"Full Measure" Review
“Full Measure” deals chiefly with the characters and their motivations. I was surprised to see that Skyler, Hank, Marie, and Walt, Jr. were all absent from this episode. Well, we saw Skyler for a couple minutes in the beginning flashback, and her with Walt, Jr. for a few seconds in their home. Still, it’s surprising when four of the major cast members are missing from the finale.
Just quickly on that teaser though: that was a really interesting way to start “Full Measure.” I’m not entirely sure why we were given this glimpse into buying the White home. This season has given us a lot of flashbacks, and it was certainly welcome. The flashback provides a nice contrast to the way Walt was and the way he is - especially when considering that Walt’s family isn’t even in the episode. Still, it was a bit out of place with the tone of the episode.
I didn’t miss the rest of Walt’s family, though, because “Full Measure” was an intense journey that ended in a really sad - and really dark - place. I’ve been wondering all season (for the whole series, actually) how Walt’s decisions would end up killing him. This is the closest Walt’s come to death and it wasn’t from cancer, it wasn’t from the DEA, it wasn’t from the cartel… it was from Walt’s employers.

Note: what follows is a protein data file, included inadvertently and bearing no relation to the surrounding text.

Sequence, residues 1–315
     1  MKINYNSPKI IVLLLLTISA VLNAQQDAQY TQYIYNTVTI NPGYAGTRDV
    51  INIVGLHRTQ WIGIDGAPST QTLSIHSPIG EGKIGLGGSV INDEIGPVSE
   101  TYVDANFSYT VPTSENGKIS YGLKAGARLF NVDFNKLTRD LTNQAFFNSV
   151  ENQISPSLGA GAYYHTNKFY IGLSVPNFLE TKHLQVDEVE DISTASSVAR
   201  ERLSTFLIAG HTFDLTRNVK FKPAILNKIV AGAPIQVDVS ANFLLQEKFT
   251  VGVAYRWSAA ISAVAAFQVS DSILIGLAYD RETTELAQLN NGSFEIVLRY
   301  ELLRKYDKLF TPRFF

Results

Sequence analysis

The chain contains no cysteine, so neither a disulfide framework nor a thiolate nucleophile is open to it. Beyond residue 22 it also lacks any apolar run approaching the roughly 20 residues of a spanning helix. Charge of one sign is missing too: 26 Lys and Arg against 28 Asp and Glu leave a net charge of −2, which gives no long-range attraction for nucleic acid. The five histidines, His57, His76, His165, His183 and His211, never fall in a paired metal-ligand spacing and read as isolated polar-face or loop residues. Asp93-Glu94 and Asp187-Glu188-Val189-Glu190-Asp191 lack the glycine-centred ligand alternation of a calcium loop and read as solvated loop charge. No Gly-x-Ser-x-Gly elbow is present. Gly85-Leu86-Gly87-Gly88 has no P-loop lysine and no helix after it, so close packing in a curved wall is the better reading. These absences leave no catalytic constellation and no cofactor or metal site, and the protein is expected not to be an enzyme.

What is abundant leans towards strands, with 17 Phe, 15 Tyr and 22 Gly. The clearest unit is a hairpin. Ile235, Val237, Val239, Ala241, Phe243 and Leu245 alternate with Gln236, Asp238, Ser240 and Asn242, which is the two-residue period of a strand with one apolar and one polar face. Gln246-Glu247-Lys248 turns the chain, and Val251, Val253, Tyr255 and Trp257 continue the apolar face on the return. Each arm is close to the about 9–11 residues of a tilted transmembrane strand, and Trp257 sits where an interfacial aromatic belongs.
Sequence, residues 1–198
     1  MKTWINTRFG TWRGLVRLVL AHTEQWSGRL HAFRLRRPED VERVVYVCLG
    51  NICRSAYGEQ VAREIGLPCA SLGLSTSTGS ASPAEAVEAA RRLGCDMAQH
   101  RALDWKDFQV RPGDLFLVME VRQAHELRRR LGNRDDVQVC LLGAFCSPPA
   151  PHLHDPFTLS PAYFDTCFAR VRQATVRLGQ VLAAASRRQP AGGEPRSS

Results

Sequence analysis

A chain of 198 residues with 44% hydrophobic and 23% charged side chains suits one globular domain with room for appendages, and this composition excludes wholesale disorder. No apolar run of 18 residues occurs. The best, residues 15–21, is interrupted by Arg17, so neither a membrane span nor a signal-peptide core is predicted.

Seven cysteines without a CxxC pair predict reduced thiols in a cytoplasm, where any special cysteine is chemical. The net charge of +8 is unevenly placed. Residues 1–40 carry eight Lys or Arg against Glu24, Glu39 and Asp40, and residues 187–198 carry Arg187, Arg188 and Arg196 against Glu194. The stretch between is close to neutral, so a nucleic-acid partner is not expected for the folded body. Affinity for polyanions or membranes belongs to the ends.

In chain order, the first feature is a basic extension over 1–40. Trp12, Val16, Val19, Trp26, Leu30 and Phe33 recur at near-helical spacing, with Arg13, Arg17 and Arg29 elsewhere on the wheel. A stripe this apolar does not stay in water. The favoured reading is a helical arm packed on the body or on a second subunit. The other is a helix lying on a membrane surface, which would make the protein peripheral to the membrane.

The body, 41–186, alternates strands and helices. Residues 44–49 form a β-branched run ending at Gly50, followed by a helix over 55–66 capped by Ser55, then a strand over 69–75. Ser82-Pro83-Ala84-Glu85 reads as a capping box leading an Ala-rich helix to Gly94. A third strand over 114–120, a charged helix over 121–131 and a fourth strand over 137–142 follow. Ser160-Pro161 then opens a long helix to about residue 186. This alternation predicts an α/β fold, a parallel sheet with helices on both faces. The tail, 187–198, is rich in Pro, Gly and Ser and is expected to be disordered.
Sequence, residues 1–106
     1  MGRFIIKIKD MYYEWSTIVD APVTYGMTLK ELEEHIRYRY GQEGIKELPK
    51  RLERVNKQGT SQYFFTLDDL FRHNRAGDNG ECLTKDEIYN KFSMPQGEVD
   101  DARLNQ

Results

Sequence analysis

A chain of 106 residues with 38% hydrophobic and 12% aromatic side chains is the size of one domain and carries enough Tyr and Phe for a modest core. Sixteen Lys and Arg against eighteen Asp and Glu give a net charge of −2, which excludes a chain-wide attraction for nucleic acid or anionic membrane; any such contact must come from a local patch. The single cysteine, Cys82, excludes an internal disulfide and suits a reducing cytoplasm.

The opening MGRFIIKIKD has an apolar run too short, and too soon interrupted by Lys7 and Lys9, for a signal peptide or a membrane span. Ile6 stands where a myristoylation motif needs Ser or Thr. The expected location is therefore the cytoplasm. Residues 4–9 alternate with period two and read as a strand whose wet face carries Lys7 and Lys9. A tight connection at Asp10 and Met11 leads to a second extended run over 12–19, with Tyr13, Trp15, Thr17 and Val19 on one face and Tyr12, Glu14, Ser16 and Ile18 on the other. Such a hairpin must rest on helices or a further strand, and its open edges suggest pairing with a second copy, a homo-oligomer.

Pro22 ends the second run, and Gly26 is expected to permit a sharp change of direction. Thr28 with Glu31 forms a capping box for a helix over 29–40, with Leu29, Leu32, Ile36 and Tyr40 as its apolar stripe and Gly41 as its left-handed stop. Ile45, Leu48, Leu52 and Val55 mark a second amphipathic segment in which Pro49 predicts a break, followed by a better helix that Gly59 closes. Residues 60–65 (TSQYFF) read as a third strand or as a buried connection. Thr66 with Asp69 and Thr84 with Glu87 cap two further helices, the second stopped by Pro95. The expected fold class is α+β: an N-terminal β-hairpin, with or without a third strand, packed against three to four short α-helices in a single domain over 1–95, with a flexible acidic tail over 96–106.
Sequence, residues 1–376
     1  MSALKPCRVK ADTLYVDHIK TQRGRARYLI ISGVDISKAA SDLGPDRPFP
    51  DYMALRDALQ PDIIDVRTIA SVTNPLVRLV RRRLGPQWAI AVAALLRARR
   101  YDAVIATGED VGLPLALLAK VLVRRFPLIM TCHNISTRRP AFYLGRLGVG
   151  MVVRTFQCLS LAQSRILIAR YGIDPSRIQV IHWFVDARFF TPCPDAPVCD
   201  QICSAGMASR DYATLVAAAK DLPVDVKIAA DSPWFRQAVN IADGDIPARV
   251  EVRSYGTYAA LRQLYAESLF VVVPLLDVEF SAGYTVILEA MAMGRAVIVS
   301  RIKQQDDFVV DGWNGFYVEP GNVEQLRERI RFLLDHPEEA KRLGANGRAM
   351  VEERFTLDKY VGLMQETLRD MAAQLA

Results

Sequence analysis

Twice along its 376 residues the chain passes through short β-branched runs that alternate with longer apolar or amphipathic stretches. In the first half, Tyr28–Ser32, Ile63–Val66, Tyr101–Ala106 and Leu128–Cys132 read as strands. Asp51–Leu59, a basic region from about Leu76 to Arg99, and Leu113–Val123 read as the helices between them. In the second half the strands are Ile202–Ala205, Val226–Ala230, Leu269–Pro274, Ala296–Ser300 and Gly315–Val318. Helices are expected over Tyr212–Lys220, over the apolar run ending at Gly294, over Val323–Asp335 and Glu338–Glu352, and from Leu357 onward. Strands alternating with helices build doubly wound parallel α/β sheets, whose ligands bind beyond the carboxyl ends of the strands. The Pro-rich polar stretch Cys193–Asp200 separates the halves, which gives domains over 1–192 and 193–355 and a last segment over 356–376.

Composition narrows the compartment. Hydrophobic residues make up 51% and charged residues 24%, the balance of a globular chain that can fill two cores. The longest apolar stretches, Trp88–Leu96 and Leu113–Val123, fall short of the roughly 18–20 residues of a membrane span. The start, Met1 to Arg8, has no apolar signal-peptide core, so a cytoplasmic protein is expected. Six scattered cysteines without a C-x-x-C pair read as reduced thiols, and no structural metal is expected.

But let me just say it now: Mike is insane. He started as a likable (yet shady) character. Remember when he protected Walt earlier this year? The same holds true for Jesse in last season’s finale (he cleaned up after Jane’s death). Even last week, we were led to believe that Mike was there to look out for Walt - think of his half measure/full measure speech. I suppose we never really knew what Mike was capable of.
Turns out he can take down a bunch of guys without breaking a sweat. There’s a whole scene of him killing four or five guys with this trendy music playing in the background. Mike is a hit man, and he’s not afraid of getting his hands dirty… as long as it pleases Gus. Mike is definitely a pawn who will do whatever Gus asks. He’s getting paid for it though, and it seems he wants to provide for his family, too.
The end of “Full Measure” is brutal. First, Walt’s breakdown before his near execution was so hard to watch. In “Fly,” Walt seemed suicidal, but here, when the chips are down, he doesn’t want to die. Who would? I’m assuming that Bryan Cranston’s going to win the Emmy again this year. His acting was so raw and emotional - to see Walter White break down and flat out plead for his life? That was rough.
And then we have to watch Jesse murder Gale in cold blood. Just when I thought we’d seen the worst. Poor Gale… and poor Jesse. The implications of this action are going to play out throughout the rest of the series. Jesse is not a murderer. Walt can kill when push comes to shove, but Jesse can’t. He’s not the bad guy he thought he was at the start of the season. Jesse only does this for Walt.
I give the writers credit for ending in such a dark and brutal place. The show can go anywhere from here - the possibilities are endless. I give it up to the creators for another fantastic season of Breaking Bad. The show hasn’t officially been renewed yet, but a renewal is expected.
If you’ve been following my reviews, thanks for reading! I think I’ll put up a season review in the next week. I think I need to let it all sink in though.
I’ll see all you Breaking Bad fans next March. Thanks again.